Klaus Von Nichtssagend Gallery Alex Dodge Doctor Smile Friend 2015

Klaus Von Nichtssagend Gallery brought oil paintings by Alex Dodge. Above, a photo doesn’t do justice to “Doctor Smile Friend,” 2015. All the paintings in this series have a masterful use of color and perspective that make these somewhat sparse renderings of textile patterns read as believable space. The colors are also built-up with an impasto texture that is seductive, or in the case of the pink fleshy blobs below, repulsive:

Alex Dodge, "Webinar" and "Belfast," both oil on canvas, 2015.

Alex Dodge, “Webinar” and “Belfast,” both oil on canvas, 2015.


Gil Marco Shani, “Cruise Ship,” oil and marker on canvas and paper, 2014. Israeli gallery Tempo Rubato is showing a series of two-color paintings by Gil Marco Shani that read like schematic drawings or back-lit screens. This image of a boat and a kitchen sink aren’t the most impressive—just the easiest to photograph. A series of domestic interiors and streetscapes viewed from above feel voyeuristic or allude to surveillance. The few lone figures that populate these paintings don’t seem to be aware of the viewer, or they just don’t care. Either way, these strike an unsettling balance between intimacy and cool detachment.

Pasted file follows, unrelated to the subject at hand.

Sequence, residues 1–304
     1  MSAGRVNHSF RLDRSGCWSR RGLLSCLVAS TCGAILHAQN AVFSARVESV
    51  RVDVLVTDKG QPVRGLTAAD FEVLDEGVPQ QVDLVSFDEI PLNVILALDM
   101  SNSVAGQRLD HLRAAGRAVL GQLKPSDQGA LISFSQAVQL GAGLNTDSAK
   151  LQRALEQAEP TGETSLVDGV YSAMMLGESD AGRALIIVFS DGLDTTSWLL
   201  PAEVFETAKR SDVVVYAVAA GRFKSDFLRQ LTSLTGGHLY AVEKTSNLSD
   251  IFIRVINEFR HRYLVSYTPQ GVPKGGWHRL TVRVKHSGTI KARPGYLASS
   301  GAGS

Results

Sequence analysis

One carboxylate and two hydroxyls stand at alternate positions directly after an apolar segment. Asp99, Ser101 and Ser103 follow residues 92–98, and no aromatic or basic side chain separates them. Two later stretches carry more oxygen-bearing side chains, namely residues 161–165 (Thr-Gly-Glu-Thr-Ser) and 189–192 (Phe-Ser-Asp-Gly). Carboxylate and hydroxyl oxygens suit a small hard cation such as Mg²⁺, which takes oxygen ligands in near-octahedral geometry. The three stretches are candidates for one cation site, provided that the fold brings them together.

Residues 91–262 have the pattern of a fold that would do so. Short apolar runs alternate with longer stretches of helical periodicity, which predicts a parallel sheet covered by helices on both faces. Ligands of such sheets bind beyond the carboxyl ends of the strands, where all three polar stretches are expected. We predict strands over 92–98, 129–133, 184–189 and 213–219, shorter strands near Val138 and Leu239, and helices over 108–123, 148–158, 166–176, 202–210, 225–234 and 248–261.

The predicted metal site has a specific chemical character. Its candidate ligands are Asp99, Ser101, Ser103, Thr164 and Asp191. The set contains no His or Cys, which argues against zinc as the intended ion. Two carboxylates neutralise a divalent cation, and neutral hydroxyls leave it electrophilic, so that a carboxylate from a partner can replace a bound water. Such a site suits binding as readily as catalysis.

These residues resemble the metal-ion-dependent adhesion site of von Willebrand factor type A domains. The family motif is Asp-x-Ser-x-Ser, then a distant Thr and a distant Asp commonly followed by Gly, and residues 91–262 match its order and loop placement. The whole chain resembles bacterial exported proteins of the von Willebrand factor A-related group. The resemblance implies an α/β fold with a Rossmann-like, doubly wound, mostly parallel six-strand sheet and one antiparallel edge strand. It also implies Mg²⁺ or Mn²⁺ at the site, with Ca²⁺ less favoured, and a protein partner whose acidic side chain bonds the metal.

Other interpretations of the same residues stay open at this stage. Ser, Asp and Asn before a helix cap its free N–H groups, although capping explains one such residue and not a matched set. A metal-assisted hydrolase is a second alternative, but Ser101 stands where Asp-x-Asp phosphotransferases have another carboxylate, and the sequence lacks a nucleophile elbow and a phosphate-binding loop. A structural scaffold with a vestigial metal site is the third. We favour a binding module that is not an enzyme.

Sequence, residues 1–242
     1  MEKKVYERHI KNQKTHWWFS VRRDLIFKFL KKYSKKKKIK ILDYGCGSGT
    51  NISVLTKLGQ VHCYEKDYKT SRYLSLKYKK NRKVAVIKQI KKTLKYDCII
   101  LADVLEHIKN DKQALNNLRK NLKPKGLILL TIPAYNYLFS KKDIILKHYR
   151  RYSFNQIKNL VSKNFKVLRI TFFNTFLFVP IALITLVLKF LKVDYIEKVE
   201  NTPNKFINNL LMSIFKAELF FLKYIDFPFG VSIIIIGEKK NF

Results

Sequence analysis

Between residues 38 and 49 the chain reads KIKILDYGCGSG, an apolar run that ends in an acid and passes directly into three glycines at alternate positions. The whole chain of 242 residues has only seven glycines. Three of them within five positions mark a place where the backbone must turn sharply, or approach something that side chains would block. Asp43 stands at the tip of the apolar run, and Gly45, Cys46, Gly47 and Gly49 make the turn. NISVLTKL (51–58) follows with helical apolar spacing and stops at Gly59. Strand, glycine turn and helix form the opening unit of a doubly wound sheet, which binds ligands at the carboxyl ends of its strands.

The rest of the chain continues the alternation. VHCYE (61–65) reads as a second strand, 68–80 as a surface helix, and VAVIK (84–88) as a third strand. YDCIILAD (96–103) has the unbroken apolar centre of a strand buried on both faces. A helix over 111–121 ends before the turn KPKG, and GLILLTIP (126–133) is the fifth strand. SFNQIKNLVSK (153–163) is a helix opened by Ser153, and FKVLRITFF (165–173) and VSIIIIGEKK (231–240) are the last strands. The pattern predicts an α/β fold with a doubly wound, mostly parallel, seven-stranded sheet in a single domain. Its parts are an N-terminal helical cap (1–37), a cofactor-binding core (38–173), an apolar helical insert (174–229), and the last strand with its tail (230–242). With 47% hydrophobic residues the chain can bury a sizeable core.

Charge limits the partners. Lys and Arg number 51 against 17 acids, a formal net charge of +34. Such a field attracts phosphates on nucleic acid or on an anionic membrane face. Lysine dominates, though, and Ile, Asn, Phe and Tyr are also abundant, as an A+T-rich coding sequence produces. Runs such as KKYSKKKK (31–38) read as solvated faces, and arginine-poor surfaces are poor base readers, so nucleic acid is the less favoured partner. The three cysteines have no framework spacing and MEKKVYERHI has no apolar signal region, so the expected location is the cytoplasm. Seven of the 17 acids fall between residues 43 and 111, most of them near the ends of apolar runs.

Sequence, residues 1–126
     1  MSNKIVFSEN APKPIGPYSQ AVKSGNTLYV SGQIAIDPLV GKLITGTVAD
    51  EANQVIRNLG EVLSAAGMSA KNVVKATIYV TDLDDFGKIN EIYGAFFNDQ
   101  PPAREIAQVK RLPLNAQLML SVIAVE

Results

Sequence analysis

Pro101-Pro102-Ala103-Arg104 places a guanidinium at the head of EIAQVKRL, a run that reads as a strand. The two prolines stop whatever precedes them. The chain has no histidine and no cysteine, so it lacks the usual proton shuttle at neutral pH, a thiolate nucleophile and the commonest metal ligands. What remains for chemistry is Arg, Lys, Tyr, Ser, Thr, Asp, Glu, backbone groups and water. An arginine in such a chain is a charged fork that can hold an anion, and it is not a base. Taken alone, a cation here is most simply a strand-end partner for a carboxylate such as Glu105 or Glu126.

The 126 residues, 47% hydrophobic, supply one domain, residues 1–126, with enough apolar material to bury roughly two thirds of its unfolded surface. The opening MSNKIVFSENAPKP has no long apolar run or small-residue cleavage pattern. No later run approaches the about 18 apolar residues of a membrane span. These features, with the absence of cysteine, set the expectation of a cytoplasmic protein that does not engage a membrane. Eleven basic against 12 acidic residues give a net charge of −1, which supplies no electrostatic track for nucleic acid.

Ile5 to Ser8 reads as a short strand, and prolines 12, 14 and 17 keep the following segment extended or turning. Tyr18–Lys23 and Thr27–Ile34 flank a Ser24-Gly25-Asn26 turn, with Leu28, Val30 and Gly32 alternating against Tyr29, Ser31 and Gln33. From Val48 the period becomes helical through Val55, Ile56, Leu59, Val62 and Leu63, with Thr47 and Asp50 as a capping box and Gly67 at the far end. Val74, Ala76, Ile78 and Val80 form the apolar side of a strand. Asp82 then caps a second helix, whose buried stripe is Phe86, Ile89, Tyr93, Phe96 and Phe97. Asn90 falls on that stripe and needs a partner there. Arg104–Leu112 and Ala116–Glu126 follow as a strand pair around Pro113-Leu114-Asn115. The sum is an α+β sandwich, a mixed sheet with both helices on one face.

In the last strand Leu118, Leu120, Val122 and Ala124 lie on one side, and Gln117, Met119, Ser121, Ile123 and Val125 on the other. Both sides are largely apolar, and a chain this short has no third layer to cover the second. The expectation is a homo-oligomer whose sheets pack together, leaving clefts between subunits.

At first, I thought

At first, I thought Galeria Agustina Ferreyra, from San Juan, was showing a solo installation by one artist. In reality, it’s an incredibly tight group show. That’s not necessarily a good or bad thing, just an observation. The m0re painterly ellipses to the left are from Heather Guertin. The hard-edged paintings depicting similar shapes are by Julio Suarez, an artist in his 70s. Finally, the “L” shaped canvasses and paintings that look like the other ellipse paintings but feature googly eyes are by Michael Linares. Realizing that the three painters made such very different work with such formal similarities was a nice reveal.